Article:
Callirhoe (Oceanid)

Summary

In Greek mythology, Callirhoe (or Kallirhoe, Callirrhoe ) (Ancient Greek: Καλλιρό, Καλλιρρόη, or Καλλιρρόης means 'beautiful flow' or beautiful stream'[1]) was one of the Oceanids, daughters of Titans Oceanus and Tethys.[2][3]

Family

Callirhoe had consorted with Chrysaor, Neilus, Poseidon and Manes. By Chrysaor, she became the mother of the monsters Geryon[4] and Echidna[5] while Chione was her daughter by the river-god of Egypt, Neilus.[6] Meanwhile, to Poseidon, she borne Minyas, founder of Minyan Orchomenus[7] and Cotys, a king of Maeonia was her child by Manes.[8]

Mythology

Callirhoe was the naiad who became the companion of Persephone when the daughter of Demeter was abducted by the lord of the dead, Hades.[9] She was one of the three ancestors of the Tyrians, along with Abarbarea and Drosera.[10]

Legacy

Jupiter's moon Callirrhoe is named after her.

Notes

  1. ^ Bane, Theresa (2013). Encyclopedia of Fairies in World Folklore and Mythology. McFarland, Incorporated, Publishers. p. 75. ISBN 9780786471119.
  2. ^ Hesiod, Theogony 351. English Translation by Hugh G. Evelyn-White. Theogony. Cambridge, MA.,Harvard University Press; London, William Heinemann Ltd. 1914.
  3. ^ Kerényi, Carl (1951). The Gods of the Greeks. London: Thames and Hudson. p. 41.
  4. ^ Hesiod, Theogony 287 & 981; Apollodorus, 2.5.10; Hyginus, Fabulae Preface & 151; Stesichorus, fr. 512-513 & 587
  5. ^ Hesiod, Theogony 270-300. Though Herbert Jennings Rose says simply that it is "not clear which parents are meant", Athanassakis, p. 44, says that Phorcys and Ceto are the "more likely candidates for parents of this hideous creature who proceeded to give birth to a series of monsters and scourges". The problem arises from the ambiguous referent of the pronoun "she" in line 295 of the Theogony. While some have read this "she" as referring to Callirhoe (e.g. Smith "Echidna"; Morford, p. 162), according to Clay, p. 159 n. 32, "the modern scholarly consensus" reads Ceto, see for example Gantz, p. 22; Caldwell, pp. 7, 46 295–303; Grimal, "Echidna" p. 143.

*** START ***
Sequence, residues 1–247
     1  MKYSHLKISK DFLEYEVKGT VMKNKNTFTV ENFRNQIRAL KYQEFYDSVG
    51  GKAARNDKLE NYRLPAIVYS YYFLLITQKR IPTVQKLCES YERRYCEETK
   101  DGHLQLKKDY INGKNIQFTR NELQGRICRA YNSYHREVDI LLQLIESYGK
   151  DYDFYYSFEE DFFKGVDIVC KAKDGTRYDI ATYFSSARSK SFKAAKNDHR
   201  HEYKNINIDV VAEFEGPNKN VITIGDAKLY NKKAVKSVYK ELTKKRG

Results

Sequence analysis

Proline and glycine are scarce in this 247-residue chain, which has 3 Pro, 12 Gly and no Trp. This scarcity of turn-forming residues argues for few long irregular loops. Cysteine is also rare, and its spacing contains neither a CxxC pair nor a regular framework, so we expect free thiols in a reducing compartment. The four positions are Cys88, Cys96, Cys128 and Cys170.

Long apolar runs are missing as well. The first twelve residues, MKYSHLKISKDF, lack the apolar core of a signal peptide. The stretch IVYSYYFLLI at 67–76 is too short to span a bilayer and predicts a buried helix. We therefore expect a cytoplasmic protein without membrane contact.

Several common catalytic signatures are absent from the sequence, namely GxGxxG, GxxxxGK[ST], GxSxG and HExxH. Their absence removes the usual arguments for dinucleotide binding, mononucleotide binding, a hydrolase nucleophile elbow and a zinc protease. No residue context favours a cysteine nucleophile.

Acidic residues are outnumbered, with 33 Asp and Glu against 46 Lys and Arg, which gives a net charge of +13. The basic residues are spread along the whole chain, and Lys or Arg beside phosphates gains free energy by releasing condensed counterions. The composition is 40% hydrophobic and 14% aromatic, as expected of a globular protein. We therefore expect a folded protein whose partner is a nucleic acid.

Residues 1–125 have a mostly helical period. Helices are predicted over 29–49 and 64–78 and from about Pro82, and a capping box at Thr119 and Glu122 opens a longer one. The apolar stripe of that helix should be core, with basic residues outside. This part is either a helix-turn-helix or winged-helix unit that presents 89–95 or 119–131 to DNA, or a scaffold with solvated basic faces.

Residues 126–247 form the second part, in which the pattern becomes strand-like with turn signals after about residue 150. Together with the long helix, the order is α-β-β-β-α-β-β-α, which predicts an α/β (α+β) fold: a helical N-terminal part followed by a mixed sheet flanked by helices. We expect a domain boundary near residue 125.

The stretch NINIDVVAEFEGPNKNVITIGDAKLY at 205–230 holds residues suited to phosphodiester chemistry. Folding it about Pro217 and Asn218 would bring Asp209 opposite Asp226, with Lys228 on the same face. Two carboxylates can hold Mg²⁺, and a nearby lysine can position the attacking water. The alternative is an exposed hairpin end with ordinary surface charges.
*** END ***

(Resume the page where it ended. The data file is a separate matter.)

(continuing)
6. ^ Servius Commentary on the Aeneid of Virgil, 4.250, ed. by Georgius Thilo
  7. ^ Tzetzes on Lycophron, Alexandra 875
  8. ^ Dionysius of Halicarnassus, Roman Antiquities 1.27.1.
  9. ^ Homeric Hymn to Demeter 2.417
  10. ^ Nonnus, Dionysiaca, 40.535 ff

References

  • Aken, Dr. A.R.A. van. (1961). Elseviers Mythologische Encyclopedie. Amsterdam: Elsevier.
  • Apollodorus, The Library with an English Translation by Sir James George Frazer, F.B.A., F.R.S. in 2 Volumes, Cambridge, MA, Harvard University Press; London, William Heinemann Ltd. 1921. ISBN 0-674-99135-4. Online version at the Perseus Digital Library. Greek text available from the same website.
  • Bartelink, Dr. G.J.M. (1988). Prisma van de mythologie. Utrecht: Het Spectrum.
  • Dionysus of Halicarnassus, Roman Antiquities. English translation by Earnest Cary in the Loeb Classical Library, 7 volumes. Harvard University Press, 1937-1950. Online version at Bill Thayer's Web Site
  • Dionysius of Halicarnassus, Antiquitatum Romanarum quae supersunt, Vol I-IV. . Karl Jacoby. In Aedibus B.G. Teubneri. Leipzig. 1885. Greek text available at the Perseus Digital Library.
  • Gaius Julius Hyginus, Fabulae from The Myths of Hyginus translated and edited by Mary Grant. University of Kansas Publications in Humanistic Studies. Online version at the Topos Text Project.
  • Hesiod, Theogony from The Homeric Hymns and Homerica with an English Translation by Hugh G. Evelyn-White, Cambridge, MA.,Harvard University Press; London, William Heinemann Ltd. 1914. Online version at the Perseus Digital Library. Greek text available from the same website.
  • The Homeric Hymns and Homerica with an English Translation by Hugh G. Evelyn-White. Homeric Hymns. Cambridge, MA.,Harvard University Press; London, William Heinemann Ltd. 1914. Online version at the Perseus Digital Library. Greek text available from the same website.
  • Kerényi, Carl, The Gods of the Greeks, Thames and Hudson, London, 1951.
  • Nonnus of Panopolis, Dionysiaca translated by William Henry Denham Rouse (1863-1950), from the Loeb Classical Library, Cambridge, MA, Harvard University Press, 1940. Online version at the Topos Text Project.
  • Nonnus of Panopolis, Dionysiaca. 3 Vols. W.H.D. Rouse. Cambridge, MA., Harvard University Press; London, William Heinemann, Ltd. 1940-1942. Greek text available at the Perseus Digital Library.